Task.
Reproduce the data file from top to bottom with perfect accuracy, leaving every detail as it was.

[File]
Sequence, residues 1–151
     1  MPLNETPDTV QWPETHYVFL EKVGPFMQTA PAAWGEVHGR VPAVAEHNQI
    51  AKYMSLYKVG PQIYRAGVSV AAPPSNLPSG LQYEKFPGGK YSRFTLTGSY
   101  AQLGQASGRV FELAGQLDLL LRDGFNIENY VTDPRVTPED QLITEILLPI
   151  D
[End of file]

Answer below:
Sequence, residues 1–151
     1  MPLNETPDTV QWPETHYVFL EKVGPFMQTA PAAWGEVHGR VPAVAEHNQI
    51  AKYMSLYKVG PQIYRAGVSV AAPPSNLPSG LQYEKFPGGK YSRFTLTGSY
   101  AQLGQASGRV FELAGQLDLL LRDGFNIENY VTDPRVTPED QLITEILLPI
   151  D